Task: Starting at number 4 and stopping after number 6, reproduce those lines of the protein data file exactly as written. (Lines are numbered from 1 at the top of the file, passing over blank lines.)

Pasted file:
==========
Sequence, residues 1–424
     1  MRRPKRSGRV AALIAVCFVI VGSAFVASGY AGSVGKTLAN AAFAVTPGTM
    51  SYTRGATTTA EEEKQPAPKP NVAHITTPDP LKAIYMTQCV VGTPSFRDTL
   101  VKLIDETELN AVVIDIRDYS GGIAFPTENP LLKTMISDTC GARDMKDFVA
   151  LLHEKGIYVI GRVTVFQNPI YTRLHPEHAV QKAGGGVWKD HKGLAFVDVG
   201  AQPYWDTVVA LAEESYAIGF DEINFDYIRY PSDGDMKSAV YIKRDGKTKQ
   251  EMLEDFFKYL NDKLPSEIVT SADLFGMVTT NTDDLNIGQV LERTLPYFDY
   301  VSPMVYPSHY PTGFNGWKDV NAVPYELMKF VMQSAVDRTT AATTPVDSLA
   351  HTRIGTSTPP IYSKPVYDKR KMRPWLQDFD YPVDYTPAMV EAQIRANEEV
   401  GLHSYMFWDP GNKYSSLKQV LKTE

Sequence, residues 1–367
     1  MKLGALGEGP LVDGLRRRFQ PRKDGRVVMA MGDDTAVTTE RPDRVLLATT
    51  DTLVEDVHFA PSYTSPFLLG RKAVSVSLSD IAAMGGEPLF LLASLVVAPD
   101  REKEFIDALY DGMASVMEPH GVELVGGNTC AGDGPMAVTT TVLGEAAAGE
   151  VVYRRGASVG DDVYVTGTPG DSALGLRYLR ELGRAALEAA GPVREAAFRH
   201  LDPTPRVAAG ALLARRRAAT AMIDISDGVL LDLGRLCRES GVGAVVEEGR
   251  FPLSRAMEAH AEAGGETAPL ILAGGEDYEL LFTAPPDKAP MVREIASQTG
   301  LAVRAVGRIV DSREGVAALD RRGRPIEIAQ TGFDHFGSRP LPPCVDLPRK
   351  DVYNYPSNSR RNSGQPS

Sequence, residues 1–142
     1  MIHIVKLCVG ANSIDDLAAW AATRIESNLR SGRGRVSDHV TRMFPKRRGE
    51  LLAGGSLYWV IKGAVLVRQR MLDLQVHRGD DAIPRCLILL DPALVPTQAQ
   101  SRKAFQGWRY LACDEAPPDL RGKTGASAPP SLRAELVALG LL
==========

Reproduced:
   101  VKLIDETELN AVVIDIRDYS GGIAFPTENP LLKTMISDTC GARDMKDFVA
   151  LLHEKGIYVI GRVTVFQNPI YTRLHPEHAV QKAGGGVWKD HKGLAFVDVG
   201  AQPYWDTVVA LAEESYAIGF DEINFDYIRY PSDGDMKSAV YIKRDGKTKQ